An invasive tree, native to Taiwan and the Philippine islands. Due to catastrophic erosion in the early 1900s, Acacia confusa was imported to stabilize the soil. The Sugar Planters Association, along with the Board of Agriculture, planted 300,000 trees. Acacia confusa is widely naturalized in dry areas on all the main Hawaiian Islands.
The Division of Forestry and Wildlife of the Hawaiʻi Department of Land and Natural Resources has designated this species as one of “Hawaiʻi’s Most Invasive Horticultural Plants.”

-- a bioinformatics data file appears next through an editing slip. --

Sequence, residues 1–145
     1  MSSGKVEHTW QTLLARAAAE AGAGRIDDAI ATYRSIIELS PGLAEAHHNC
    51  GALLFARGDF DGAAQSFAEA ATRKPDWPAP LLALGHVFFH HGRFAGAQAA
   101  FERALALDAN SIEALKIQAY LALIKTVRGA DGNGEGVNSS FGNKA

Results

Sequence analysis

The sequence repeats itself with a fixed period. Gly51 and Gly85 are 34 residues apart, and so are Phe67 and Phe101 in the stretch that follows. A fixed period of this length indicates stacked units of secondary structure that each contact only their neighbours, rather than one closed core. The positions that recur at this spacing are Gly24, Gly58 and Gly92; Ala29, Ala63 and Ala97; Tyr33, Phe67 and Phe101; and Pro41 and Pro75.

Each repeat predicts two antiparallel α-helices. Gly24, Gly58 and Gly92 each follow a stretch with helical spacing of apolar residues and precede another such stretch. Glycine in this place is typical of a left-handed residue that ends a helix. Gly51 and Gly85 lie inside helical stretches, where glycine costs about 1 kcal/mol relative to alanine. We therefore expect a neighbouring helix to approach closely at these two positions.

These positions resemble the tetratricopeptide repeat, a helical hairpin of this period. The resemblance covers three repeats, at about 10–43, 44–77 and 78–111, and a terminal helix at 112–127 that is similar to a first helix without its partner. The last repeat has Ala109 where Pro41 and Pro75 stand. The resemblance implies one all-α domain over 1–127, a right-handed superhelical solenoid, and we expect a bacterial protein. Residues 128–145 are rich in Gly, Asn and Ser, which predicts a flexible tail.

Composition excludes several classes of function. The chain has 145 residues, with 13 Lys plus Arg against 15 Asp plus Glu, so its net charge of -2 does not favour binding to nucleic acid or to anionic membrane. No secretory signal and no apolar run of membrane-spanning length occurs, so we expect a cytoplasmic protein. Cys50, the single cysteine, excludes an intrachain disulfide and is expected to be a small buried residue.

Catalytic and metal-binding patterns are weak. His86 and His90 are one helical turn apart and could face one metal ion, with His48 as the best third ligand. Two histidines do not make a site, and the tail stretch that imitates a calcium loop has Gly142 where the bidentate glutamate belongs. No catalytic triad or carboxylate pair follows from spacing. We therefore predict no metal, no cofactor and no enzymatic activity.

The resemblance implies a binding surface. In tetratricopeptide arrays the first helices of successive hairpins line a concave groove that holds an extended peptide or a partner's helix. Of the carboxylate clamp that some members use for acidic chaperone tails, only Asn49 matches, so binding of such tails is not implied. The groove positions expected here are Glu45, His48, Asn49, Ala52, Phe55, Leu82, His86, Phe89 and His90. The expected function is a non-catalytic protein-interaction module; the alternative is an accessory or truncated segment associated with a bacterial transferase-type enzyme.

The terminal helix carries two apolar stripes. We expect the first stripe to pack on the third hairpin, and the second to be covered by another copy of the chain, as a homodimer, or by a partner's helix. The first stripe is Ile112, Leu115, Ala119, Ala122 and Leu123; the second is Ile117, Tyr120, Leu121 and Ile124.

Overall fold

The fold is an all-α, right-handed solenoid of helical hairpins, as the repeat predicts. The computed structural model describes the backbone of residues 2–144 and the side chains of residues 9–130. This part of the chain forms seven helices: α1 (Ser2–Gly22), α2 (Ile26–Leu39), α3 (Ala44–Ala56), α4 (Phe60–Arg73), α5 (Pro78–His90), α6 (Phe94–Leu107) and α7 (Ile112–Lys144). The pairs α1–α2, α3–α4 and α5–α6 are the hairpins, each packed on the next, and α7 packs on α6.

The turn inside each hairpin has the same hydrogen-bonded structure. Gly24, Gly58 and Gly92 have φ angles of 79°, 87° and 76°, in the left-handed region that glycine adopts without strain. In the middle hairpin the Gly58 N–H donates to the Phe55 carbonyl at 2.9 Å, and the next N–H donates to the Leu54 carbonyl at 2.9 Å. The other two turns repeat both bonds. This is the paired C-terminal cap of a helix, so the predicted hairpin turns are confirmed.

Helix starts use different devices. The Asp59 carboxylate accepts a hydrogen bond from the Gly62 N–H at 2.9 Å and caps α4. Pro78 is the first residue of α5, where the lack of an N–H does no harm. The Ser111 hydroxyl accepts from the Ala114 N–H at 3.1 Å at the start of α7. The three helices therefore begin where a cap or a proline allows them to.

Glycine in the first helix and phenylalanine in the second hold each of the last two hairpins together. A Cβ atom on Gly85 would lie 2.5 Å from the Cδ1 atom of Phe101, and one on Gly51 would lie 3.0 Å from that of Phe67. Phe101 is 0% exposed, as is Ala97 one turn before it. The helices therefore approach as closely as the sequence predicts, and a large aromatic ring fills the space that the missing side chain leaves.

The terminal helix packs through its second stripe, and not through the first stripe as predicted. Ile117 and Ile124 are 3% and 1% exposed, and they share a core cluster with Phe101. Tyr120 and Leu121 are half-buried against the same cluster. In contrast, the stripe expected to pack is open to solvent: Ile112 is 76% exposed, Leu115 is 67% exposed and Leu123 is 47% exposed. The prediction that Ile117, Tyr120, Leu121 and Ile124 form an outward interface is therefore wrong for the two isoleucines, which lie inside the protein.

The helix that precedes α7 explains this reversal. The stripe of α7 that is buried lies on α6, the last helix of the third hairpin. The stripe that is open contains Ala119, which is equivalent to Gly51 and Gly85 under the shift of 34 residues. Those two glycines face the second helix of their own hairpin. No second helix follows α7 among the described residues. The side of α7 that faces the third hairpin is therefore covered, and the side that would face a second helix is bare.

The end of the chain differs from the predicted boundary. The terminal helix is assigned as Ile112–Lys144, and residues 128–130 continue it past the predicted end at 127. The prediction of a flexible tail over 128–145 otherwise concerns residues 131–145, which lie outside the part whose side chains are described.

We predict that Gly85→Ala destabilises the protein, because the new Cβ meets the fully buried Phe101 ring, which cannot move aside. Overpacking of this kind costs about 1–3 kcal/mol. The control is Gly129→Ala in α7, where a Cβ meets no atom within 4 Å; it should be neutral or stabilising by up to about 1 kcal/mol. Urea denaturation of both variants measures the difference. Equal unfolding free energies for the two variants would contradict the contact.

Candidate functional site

Description and Dispersal:
- A branched tree 20 - 50 ft tall, resembles the native Acacia koa
- Somewhat sickle shaped narrow leaves (4 in long by 1/3 in wide)
- Flower clusters of yellow balls (1/2 in); flat linear seed pods are green to brown (4 in long by 1/2 in wide)
- Spreads by seeds